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3 Steps to Building a Green Supply Chain

December 4, 2014

You listen to your customers. You read several newspapers a day, so you know all about corporate sustainability—how sustainable companies make record profits and are measurably more popular with the public.

You and senior management have made the decision to switch to a leaner, more sustainable business model. Your processes now exceed EPA rules on greenhouse gas emissions, you’ve reviewed and remedied inefficient daily operations, you’ve instilled a green culture in your company and your employees participate in a company-wide recycling program.

You’re aware that sustainability has a positive effect on profitability. So why is your bottom line suspiciously similar to the number it was the last few quarters? You’ve invested time and money in a sustainability program, but you’re not seeing tangible results in your overall profits. This is a common situation many companies find themselves in upon first implementing a sustainability initiative. But why is this so?

Because they have not also made the jump to a greener supply chain.

A sustainable supply chain is of pivotal importance to a green way of doing business. Here are three steps that will help you build a green supply chain:

1)  Start a Dialogue With Your Suppliers

Ask your suppliers—whether food wholesalers for your restaurant or metal components for manufacturing—if their businesses practice sustainability. How do they reduce excess waste? Do they have a recycling program for unused or discarded products? Do they use green equipment?

See if your suppliers have measures in place that allow them to transport their products in an environmentally friendly way, such as fuel-efficient vehicles, training classes for drivers, or by utilizing bulk shipping to save on costs and greenhouse gas emissions.

Don’t forget to also engage sub-tier suppliers, i.e. companies who supply your suppliers, in the discussion. Most importantly, communicate your expectations. Define overall objectives and then work with your suppliers to set short-term goals that will get you there.

But if you are in the process of setting up or restructuring your supplier network, it may be a good idea to first check any relevant public information or case studies on the green performance of potential partners. If available, reference the water and energy usage, emissions, and waste generation data provided by suppliers, or make use of environmental self-assessment questionnaires to find the most sustainability-focused companies.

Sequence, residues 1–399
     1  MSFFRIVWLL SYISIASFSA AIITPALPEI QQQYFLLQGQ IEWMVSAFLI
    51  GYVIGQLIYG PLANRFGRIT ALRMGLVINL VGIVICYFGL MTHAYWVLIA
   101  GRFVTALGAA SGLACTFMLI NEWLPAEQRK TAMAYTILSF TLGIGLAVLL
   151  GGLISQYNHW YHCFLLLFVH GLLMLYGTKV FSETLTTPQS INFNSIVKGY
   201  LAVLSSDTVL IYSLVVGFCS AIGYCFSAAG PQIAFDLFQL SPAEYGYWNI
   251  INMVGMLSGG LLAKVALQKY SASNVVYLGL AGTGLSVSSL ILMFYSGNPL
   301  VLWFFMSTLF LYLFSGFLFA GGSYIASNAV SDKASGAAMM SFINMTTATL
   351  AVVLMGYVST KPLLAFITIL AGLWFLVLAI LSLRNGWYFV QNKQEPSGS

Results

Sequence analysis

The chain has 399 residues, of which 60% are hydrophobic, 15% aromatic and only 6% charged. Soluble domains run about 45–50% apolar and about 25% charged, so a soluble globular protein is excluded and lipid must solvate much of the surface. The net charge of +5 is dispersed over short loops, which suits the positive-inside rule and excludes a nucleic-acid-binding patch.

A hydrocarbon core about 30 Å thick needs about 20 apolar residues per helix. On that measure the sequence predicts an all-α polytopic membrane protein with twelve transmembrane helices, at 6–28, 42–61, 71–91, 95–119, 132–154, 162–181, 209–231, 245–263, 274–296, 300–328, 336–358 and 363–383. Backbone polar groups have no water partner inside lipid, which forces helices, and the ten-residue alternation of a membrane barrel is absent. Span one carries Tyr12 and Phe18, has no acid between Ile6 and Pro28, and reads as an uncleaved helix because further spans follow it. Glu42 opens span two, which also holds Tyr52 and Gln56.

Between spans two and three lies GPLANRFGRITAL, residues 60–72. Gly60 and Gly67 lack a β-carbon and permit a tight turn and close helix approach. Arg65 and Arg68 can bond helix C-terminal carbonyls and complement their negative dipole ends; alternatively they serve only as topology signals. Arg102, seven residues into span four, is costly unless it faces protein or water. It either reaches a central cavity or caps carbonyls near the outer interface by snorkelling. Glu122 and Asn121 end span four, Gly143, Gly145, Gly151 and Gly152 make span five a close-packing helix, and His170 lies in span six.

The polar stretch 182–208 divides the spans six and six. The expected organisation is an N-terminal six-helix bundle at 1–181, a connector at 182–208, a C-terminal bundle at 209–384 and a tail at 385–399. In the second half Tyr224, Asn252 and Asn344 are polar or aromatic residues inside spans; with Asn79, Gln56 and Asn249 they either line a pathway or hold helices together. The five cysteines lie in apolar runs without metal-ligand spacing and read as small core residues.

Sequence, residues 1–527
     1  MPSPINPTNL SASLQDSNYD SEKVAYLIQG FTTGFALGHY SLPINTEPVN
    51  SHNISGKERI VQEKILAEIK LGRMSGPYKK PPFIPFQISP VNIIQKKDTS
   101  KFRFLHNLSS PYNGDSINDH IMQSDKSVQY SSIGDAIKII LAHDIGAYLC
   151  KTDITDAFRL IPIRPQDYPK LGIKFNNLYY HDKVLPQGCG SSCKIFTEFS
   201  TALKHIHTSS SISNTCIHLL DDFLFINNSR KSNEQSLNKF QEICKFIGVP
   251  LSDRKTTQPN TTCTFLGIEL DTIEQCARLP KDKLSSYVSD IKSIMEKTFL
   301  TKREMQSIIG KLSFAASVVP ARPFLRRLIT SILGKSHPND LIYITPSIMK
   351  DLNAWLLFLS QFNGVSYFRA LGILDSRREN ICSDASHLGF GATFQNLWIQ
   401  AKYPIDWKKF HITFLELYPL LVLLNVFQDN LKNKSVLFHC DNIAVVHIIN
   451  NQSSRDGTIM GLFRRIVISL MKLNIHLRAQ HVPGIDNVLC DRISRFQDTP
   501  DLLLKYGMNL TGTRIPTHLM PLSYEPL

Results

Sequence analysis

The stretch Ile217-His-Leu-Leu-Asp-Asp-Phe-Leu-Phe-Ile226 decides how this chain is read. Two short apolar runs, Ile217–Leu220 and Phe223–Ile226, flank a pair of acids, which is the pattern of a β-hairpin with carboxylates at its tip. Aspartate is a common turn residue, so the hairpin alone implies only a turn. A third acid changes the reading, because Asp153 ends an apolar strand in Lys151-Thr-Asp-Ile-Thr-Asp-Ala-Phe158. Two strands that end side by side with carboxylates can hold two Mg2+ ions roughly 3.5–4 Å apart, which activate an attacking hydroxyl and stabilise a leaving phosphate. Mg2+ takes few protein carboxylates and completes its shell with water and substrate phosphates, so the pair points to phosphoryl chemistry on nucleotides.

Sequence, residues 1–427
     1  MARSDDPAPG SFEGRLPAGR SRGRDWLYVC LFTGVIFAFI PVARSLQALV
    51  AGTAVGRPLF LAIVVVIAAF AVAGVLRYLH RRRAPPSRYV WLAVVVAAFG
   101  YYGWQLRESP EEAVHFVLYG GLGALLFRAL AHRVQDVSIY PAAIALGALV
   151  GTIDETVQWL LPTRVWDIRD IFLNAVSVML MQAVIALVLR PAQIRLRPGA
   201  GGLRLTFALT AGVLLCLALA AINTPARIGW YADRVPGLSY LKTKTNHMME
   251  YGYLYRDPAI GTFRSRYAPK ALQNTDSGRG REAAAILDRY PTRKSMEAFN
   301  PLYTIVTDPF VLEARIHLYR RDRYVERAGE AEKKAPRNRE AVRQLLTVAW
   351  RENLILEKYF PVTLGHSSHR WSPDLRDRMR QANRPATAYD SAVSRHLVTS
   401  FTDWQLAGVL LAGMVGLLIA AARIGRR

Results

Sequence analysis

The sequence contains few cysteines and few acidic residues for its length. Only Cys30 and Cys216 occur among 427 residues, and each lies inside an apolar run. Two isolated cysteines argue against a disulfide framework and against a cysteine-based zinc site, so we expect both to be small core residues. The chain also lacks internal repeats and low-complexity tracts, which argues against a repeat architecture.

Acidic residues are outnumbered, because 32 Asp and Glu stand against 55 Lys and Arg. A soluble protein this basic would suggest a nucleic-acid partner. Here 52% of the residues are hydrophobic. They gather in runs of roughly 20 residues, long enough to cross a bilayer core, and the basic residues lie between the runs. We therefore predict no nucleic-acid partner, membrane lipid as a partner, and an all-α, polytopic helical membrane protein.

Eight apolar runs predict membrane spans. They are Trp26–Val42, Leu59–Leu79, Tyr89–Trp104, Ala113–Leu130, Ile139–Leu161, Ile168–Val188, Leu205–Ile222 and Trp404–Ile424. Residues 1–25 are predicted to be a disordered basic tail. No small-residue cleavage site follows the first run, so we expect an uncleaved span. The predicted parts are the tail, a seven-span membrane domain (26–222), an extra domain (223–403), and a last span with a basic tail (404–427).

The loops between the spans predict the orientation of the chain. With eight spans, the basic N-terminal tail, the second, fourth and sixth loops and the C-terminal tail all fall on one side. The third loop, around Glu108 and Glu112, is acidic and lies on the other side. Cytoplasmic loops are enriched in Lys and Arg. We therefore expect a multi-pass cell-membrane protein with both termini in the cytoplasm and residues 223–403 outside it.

2)  Don’t Avoid Industry Partnerships

There’s an unspoken rule that you usually don’t help your competitors. But in a joint-venture situation, sharing knowledge, existing sustainable supply chains, and green goals may prove to be profitable for all parties.

Buying in larger volumes from suppliers cuts costs, and maintaining a collaborative approach to tackling industry problems leads to breakthroughs and solutions. With an aligned sustainability vision, you won’t have to divert valuable resources or pay for unnecessary program costs. And accord among all co-workers involved will increase. Look toward stabilizing long-term relationships with industry partners and shared green supply chains.

3)  Track and Maintain Goals

Once you have built a stable sustainability network with both your suppliers and other industry companies, you can start to quantifiably track your objectives on a regular basis.

Actionable goals can be measured through an audit of your practices and those of each link in your green supply chain. An example could be attending green seminars or sustainability training for employees in your network. Another could be a cap on the total amount of waste that goes into making your products or fulfilling your services. Any such goal that your company has should be publicly transparent and internally tracked.

Little goals lend themselves to the big-picture objective of sustainability. Tracking goals will also allow you to form a clear snapshot of your current progress in maintaining a green model of business. And by recording this progress over time, you can more easily chart the course of your corporate sustainability far into the future.

Want to know more about building a green supply chain? Give Hazardous Waste Experts a call at 800-936-2311 to speak with a specialist now or click here to email us.

Photo credit: Srikanth Srinivasan via compfight

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